The final graduation documents must be submitted as soon as you get them, but not later than 31 July.

3. DON’T leave your English test to the last minute

This may seem obvious, but please take your English language certificate seriously – it is a highly important document.

Even if you have taken plenty of English exams in your home country, the University of Tartu only recognises international standards with well-known requirements and assessment systems. Therefore, please check the list of accepted international exams on our website and take one of these; other certificates, including certificates issued by your university, are not suitable.

Registering for and taking the IELTS or TOEFL and receiving your results will take time, not to mention preparing for the test. As you are required to submit your English test before the deadline, not later, it is highly recommended to give yourself a minimum of two months before submission to complete the English test.

Even if you have already been taught in English, the requirement to prove English language proficiency may concern you. The only exception is made for applicants who have completed their education in English in one of these countries: EU/EEA member states, Switzerland, UK, USA, Canada, Australia or New Zealand. In case the applicant has studied in an offshore campus or online programme, a recognised English proficiency certificate is still required.

4. DON’T forget to check the validity of your English certificate

If you took the English exam long ago, check if it is still valid. The University of Tartu only accepts TOEFL iBT, IELTS Academic, and PTE Academic test scores received no more than 2 years before applying (the test must be valid at least one month after you submit your application). If the test is not valid, you must take a new test.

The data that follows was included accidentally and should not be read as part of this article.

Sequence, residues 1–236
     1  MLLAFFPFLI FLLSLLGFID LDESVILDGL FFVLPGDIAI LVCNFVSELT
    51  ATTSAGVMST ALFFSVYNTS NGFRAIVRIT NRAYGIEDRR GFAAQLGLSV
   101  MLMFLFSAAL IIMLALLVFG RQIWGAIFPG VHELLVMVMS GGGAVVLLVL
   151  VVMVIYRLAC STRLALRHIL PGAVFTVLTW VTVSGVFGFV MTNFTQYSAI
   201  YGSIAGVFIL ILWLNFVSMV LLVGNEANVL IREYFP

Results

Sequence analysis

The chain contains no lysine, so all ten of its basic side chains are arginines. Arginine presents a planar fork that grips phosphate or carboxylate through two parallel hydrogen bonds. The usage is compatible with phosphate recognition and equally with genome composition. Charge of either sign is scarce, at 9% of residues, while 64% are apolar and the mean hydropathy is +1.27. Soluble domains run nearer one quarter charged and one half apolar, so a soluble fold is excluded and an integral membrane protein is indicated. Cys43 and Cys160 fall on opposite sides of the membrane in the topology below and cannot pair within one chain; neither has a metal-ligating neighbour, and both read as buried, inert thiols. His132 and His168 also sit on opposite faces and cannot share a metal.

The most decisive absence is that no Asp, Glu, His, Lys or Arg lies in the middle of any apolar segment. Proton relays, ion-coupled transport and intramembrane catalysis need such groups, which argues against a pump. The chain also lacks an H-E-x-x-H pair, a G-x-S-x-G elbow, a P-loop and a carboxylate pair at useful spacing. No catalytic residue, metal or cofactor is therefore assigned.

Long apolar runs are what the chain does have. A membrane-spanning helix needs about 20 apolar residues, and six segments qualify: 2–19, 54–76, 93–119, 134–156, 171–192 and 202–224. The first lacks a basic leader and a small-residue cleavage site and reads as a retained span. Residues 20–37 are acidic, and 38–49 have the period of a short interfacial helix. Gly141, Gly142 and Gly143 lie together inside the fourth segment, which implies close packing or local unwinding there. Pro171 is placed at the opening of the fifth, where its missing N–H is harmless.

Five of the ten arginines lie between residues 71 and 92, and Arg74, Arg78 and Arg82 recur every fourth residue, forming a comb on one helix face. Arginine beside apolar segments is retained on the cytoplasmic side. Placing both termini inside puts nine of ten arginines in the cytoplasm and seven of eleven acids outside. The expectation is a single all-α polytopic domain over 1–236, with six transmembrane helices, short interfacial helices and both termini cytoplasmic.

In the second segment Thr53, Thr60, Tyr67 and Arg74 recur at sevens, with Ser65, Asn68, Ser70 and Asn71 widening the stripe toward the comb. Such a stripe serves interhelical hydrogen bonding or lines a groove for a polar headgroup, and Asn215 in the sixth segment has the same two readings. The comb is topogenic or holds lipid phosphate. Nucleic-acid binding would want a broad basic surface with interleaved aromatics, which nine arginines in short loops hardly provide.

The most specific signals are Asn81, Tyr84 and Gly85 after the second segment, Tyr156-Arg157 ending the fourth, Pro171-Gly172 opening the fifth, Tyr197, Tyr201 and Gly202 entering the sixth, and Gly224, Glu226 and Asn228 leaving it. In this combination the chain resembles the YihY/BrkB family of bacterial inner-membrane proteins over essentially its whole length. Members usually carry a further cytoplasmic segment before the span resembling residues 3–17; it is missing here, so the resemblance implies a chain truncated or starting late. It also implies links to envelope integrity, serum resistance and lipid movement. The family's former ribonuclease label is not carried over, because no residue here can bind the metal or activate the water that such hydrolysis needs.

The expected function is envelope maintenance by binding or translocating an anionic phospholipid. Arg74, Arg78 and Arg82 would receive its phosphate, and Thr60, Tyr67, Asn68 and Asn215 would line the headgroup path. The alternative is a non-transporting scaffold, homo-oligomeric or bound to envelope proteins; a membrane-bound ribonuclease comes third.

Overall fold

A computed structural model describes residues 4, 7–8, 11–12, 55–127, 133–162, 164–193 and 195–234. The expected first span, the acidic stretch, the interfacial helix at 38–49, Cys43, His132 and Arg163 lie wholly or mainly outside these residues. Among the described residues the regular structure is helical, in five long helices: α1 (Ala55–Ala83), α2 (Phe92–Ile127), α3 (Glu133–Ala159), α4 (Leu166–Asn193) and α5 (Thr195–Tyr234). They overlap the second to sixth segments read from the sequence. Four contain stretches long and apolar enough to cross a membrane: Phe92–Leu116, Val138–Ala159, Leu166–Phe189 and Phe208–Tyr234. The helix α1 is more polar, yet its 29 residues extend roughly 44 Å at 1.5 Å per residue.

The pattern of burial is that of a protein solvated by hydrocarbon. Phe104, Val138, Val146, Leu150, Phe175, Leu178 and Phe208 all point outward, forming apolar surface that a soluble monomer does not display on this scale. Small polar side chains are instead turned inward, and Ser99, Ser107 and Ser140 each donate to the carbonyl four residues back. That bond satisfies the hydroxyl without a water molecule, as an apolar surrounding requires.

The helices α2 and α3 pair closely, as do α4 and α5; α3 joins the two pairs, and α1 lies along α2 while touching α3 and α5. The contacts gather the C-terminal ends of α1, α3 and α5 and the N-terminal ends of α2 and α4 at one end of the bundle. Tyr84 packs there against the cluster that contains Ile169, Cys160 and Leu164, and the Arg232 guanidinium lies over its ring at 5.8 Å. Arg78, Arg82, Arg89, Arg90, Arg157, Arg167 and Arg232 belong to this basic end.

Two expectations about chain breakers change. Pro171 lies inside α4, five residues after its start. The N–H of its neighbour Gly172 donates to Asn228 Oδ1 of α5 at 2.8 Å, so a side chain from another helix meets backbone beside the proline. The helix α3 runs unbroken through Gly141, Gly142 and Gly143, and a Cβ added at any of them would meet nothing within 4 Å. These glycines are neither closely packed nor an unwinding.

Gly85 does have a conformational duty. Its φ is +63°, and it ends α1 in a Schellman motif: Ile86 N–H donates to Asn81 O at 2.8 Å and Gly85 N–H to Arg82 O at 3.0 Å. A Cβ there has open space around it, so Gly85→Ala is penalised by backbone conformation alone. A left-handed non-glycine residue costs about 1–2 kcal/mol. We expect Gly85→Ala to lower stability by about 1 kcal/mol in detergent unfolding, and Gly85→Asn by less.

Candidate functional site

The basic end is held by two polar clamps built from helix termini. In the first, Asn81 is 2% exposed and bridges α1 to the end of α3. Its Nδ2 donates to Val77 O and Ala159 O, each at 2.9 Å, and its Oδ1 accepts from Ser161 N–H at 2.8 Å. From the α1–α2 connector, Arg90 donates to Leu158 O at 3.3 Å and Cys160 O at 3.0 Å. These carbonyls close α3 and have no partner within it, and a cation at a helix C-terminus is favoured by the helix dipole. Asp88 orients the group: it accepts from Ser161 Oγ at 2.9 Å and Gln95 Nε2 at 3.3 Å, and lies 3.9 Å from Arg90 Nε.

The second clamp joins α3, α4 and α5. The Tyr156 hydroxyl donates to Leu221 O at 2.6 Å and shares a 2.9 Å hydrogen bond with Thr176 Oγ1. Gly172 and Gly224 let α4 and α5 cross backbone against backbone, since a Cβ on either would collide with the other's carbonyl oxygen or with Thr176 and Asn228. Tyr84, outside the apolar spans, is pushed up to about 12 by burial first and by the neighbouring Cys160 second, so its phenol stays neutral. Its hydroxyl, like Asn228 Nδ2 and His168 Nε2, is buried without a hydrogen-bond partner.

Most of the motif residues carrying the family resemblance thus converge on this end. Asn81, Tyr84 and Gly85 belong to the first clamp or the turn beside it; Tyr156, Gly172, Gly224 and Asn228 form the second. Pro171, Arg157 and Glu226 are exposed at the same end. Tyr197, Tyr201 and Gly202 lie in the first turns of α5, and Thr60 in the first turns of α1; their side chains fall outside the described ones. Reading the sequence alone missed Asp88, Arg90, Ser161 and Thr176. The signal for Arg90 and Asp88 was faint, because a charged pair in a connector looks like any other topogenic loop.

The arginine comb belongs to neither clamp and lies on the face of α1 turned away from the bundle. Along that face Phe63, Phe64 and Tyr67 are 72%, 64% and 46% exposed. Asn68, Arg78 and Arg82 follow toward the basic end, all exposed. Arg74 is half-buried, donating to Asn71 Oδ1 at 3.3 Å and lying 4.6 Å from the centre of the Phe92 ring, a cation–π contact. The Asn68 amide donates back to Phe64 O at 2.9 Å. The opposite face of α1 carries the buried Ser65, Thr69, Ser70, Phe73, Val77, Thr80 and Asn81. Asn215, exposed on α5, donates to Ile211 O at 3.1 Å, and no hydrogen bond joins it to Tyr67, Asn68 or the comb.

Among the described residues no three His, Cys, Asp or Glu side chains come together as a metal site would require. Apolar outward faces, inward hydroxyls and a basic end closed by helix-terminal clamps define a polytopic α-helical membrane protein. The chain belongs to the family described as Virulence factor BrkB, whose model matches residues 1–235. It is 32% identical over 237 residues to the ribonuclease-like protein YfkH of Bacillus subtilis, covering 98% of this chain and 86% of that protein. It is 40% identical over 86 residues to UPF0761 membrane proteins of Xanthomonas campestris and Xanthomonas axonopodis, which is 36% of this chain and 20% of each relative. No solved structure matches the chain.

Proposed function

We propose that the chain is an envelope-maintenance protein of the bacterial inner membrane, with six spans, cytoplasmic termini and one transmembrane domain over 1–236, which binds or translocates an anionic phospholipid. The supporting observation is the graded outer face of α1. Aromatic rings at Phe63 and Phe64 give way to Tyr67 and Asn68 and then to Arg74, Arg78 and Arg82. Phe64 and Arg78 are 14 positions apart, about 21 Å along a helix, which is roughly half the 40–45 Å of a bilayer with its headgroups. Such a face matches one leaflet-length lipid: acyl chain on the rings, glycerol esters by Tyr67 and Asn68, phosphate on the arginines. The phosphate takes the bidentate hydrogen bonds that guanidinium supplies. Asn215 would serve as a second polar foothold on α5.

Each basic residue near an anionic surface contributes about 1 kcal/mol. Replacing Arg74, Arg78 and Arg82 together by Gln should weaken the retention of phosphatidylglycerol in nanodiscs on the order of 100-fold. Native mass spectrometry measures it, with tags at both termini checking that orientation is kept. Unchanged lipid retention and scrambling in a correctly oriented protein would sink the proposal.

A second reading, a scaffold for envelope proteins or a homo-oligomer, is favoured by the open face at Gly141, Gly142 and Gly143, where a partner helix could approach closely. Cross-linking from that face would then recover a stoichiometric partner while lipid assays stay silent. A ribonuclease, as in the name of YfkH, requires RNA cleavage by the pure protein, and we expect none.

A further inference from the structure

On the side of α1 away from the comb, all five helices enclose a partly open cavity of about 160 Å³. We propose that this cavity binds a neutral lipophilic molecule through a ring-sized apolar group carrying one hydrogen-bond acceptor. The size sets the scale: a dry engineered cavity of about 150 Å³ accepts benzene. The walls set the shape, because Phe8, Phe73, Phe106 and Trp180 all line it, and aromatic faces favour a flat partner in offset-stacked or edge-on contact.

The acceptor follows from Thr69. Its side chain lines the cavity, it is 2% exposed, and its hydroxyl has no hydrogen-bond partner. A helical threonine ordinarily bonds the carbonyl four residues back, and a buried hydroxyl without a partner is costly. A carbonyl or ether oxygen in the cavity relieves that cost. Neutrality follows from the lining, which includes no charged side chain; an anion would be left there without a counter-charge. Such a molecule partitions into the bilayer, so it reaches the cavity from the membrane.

5. CHECK the requirements for documents from your country

While the basic admission requirement for the university is quite simple – you must submit a document proving completion of the previous level of education (secondary education for bachelor's programmes, bachelor's degree for master's programmes), you should pay special attention to the requirements which are specific for the country where you graduated.    Each country has its education system – one country issues a high school graduation certificate, others issue a national examination certificate, and some may give both. For more precise information, you should go to the website and check your country in the list.

Your application will not be considered if any of the necessary documents are missing, so it is worth taking care of in advance.

Don’t forget that English is the main language of communication at the university. If your documents are in another language, an official translation is needed. You must not present your own translation of the documents even if you speak English well, as your translation is not official. We accept official translations into Estonian if you can get them, but English is fine.

6. DON’T send simple copies or printouts of documents